Nov 21, 2008

'Happy people' watch less TV than 'unhappy people'

The results of a pretty interesting study took were summarized in a recent NYTimes article this past weekend:
...People who describe themselves as happy enjoy watching television, it turns out to be the single activity they engage in less often than unhappy people, said John Robinson, a professor of sociology at the University of Maryland and the author of the study, which appeared in the journal Social Indicators Research.
The surveys of 45,000 Americans, included in this research, were done over the past 35 years. That's a pretty large sample size. The results probably have very low error bars (Type I error) associated with them.
“We looked at 8 to 10 activities that happy people engage in, and for each one, the people who did the activities more — visiting others, going to church, all those things — were more happy,” Dr. Robinson said. “TV was the one activity that showed a negative relationship. Unhappy people did it more, and happy people did it less.”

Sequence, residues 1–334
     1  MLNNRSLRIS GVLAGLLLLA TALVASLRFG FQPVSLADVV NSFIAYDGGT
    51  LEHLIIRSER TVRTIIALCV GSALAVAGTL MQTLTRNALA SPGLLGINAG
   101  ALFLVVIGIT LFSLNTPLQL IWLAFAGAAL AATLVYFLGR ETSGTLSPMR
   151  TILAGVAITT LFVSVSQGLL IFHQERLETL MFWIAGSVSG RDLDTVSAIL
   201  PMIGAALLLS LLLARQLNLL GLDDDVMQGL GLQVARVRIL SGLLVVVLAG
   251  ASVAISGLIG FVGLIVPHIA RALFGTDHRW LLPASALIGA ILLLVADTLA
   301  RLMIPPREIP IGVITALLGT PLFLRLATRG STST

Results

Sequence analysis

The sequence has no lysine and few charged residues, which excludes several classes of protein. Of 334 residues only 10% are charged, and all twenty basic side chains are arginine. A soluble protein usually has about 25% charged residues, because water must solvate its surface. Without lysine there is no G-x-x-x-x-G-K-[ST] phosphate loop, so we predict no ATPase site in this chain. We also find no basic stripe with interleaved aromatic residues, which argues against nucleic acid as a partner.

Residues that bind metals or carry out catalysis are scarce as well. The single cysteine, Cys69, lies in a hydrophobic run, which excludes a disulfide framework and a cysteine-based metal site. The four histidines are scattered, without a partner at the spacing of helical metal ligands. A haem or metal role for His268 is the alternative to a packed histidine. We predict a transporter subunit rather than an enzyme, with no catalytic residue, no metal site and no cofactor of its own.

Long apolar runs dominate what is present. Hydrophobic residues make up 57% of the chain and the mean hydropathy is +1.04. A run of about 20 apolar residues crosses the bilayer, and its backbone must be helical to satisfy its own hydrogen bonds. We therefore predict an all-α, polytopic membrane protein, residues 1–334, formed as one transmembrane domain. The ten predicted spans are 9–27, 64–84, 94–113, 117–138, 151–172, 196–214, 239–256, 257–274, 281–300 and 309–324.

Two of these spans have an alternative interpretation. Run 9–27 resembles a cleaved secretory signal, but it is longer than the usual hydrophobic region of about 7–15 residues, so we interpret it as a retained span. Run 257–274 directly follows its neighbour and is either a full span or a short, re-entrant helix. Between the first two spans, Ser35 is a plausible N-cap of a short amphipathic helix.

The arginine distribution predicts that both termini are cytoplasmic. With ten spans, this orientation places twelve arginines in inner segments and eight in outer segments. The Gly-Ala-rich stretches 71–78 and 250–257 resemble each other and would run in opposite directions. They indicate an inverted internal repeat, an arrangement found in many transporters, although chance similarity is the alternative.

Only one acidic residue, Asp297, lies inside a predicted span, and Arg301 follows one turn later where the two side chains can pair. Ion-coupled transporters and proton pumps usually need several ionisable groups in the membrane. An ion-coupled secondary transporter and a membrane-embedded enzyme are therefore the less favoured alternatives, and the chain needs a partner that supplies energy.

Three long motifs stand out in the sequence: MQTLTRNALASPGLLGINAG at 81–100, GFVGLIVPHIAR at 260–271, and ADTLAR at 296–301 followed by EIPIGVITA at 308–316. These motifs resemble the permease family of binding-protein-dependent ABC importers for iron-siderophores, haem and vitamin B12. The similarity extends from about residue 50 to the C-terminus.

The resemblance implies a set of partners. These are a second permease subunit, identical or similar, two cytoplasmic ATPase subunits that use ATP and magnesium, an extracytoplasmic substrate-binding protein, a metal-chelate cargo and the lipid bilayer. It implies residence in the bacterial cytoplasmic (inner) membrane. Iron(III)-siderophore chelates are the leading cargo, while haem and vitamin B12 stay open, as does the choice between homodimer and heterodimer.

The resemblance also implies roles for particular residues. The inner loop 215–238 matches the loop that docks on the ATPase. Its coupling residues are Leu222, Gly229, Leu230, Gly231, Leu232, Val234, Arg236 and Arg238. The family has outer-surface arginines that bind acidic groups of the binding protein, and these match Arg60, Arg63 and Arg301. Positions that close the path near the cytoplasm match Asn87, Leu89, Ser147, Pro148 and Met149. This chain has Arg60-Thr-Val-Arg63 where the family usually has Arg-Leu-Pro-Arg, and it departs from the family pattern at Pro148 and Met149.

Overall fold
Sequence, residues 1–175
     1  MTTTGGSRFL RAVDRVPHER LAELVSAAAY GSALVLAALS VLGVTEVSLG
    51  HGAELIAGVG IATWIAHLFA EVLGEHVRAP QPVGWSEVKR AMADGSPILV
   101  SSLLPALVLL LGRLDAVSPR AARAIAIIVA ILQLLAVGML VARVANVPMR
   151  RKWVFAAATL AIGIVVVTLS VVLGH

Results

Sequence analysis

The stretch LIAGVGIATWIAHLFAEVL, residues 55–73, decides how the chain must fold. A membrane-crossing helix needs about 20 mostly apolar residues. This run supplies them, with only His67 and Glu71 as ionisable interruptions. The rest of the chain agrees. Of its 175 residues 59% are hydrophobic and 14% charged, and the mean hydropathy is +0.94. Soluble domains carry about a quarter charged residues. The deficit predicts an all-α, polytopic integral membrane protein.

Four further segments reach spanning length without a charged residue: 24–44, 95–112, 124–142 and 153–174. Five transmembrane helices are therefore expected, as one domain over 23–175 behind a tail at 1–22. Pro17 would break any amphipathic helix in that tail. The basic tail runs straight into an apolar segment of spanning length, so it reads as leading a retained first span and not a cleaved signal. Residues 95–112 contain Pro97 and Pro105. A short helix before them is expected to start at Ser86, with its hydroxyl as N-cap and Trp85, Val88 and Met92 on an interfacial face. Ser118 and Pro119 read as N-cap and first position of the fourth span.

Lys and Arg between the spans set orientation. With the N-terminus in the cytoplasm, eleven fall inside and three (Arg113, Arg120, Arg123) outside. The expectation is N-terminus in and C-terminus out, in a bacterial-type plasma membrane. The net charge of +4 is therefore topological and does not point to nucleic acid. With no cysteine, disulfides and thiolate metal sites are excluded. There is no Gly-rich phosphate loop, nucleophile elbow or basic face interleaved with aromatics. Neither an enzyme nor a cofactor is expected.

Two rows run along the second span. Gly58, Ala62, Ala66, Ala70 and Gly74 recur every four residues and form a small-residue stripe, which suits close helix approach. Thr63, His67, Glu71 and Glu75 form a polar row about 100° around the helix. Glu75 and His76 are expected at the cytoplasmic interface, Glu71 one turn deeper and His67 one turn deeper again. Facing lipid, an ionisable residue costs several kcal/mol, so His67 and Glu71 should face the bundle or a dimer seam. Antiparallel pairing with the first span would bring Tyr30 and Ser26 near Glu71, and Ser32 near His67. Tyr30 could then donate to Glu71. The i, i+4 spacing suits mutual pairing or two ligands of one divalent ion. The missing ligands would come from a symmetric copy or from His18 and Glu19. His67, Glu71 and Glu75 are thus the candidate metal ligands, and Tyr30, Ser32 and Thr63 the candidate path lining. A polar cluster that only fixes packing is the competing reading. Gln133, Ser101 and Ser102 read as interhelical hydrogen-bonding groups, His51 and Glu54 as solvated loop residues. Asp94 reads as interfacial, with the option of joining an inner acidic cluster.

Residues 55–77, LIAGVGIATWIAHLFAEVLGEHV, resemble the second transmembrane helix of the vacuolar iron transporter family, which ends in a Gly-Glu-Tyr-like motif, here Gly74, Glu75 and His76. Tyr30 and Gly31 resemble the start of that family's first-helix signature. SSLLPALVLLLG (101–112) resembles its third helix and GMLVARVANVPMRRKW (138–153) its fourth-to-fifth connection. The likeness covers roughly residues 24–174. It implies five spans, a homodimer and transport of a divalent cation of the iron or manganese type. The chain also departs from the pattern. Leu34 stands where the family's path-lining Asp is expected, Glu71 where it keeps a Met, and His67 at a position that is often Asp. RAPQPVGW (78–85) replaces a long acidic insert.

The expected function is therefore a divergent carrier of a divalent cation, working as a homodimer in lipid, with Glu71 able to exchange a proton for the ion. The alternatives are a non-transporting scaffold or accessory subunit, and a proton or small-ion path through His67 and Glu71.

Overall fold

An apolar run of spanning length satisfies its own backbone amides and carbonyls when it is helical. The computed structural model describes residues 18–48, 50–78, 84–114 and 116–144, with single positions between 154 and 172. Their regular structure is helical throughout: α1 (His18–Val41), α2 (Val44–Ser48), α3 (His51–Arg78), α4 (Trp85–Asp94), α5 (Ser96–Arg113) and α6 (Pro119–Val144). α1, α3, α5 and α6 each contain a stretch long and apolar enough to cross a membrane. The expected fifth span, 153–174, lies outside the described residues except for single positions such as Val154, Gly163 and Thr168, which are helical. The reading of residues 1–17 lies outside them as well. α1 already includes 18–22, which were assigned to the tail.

But the researchers could not tell whether unhappy people watch more television or whether being glued to the set is what makes people unhappy. “I don’t know that turning off the TV will make you more happy,” Dr. Robinson said.

Still, he said, the data show that people who spend the most time watching television are least happy in the long run.

Hmm. I wonder if this is why I've been watching ESPN so often these days?

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2 comments:

  1. Good show!!

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  2. I don't know about this study though. Do the people that were deemed not as "happy" simply have more time on there hands? A big sample size does not mean that the sample was truly random. What were the criteria of being happier? I don't go to church and am still pretty happy.
    Danny K.
    http://www.dnasci.net/

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